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Basic science
Improving the treatment of atherosclerosis by linking anti-inflammatory and lipid modulating strategies
  1. Alma Zernecke1,
  2. Christian Weber2,3
  1. 1Rudolf Virchow-Center/DFG-Research Center for Experimental Medicine, University of Würzburg, Würzburg, Germany
  2. 2Institute for Cardiovascular Prevention, Ludwig-Maximilians-University (LMU) Munich, Munich Heart Alliance, München, Germany
  3. 3Cardiovascular Research Institute Maastricht (CARIM), Maastricht University, Maastricht, The Netherlands
  1. Correspondence to Professor Dr Christian Weber, Institute for Cardiovascular Prevention (IPEK), Pettenkoferstr. 9, München 80336, Germany; christian.weber{at}med.uni-muenchen.de

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Atherosclerotic vascular disease manifests as a progressive narrowing of the vessel wall, and underlies coronary artery disease (CAD) and cerebrovascular disease. With consequences such as myocardial infarction and stroke, atherosclerosis remains the most frequent cause of death in the western world. While a strong heritable component is undisputed, the molecular inflammatory and immune mechanisms in the evolution of the disease are still not fully understood. By using both animal models of disease (foremost genetically manipulated mice) as well as human tissue, and more recently by employing unbiased approaches to discover genetic loci predisposing to disease development, investigators have revealed a complex picture of multilayered cellular processes and molecular mechanisms. Here we highlight the current view on atherosclerosis and provide an updated account of the critical factors involved in disease development, as illustrated by various prototypic examples.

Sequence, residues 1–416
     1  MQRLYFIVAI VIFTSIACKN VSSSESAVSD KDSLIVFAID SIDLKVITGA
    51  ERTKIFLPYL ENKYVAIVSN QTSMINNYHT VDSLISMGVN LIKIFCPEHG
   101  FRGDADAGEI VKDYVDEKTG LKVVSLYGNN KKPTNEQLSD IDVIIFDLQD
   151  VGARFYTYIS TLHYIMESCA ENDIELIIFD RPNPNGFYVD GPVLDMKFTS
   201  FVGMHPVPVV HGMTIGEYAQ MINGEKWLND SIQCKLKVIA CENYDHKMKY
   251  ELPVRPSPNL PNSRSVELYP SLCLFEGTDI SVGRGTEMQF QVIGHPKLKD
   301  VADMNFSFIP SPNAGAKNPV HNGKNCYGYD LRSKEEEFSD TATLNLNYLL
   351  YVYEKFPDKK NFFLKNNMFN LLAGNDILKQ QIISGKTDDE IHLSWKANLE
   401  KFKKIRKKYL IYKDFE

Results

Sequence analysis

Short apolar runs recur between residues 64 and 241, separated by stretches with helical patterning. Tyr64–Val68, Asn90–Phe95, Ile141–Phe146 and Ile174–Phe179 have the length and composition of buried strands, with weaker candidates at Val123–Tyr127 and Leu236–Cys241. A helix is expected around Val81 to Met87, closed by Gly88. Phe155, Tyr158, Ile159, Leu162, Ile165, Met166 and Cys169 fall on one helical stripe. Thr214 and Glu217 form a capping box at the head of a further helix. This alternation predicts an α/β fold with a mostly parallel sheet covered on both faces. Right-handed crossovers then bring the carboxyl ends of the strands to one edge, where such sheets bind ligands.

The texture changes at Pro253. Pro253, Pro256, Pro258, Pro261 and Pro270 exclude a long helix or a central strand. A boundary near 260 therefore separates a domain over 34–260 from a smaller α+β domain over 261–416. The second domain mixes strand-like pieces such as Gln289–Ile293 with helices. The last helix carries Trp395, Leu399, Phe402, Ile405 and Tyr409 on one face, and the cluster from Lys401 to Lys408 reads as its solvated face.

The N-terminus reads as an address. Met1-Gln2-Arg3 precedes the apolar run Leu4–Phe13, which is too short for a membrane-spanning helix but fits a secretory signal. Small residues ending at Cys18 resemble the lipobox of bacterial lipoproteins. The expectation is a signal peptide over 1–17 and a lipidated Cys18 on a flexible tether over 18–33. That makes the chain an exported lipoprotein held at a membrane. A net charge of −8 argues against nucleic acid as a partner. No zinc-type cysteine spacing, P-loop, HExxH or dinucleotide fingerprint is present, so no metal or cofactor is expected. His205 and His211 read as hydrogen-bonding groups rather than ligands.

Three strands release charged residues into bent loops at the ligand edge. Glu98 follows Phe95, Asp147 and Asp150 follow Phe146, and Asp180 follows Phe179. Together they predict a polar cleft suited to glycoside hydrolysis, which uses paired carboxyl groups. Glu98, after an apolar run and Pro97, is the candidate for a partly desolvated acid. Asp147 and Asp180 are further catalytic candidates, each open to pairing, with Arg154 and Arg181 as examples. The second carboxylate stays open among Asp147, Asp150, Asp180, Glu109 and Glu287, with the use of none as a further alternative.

In brief, the response-to-injury hypothesis of Russell Ross introduced the notion that monocyte―endothelial interactions give rise to foam cells and growth factor induced smooth muscle cell (SMC) proliferation, triggering lesion formation.1 Our understanding of the atherogenic process has been considerably refined by the appreciation of subendothelial ApoB lipoprotein retention containing low density lipoprotein (LDL) in the vessel wall under conditions of elevated concentrations of circulating cholesterol. This may predominantly occur at predilection sites with disturbed flow, for example, at branch points of vessels, where increased endothelial turnover and structural changes in elastins and proteoglycans occur, which permit subendothelial accumulation of LDL. In the intima, LDL particles are prone to modifications by reactive oxygen species or enzymes such as myeloperoxidase or lipoxygenases released from inflammatory cells. These oxidised lipids (oxLDL) further trigger the expression of adhesion molecules which contribute to intimal leucocyte recruitment. While early ‘fatty streak’ lesions mostly comprise lipid laden, monocyte derived, macrophage-like foam …

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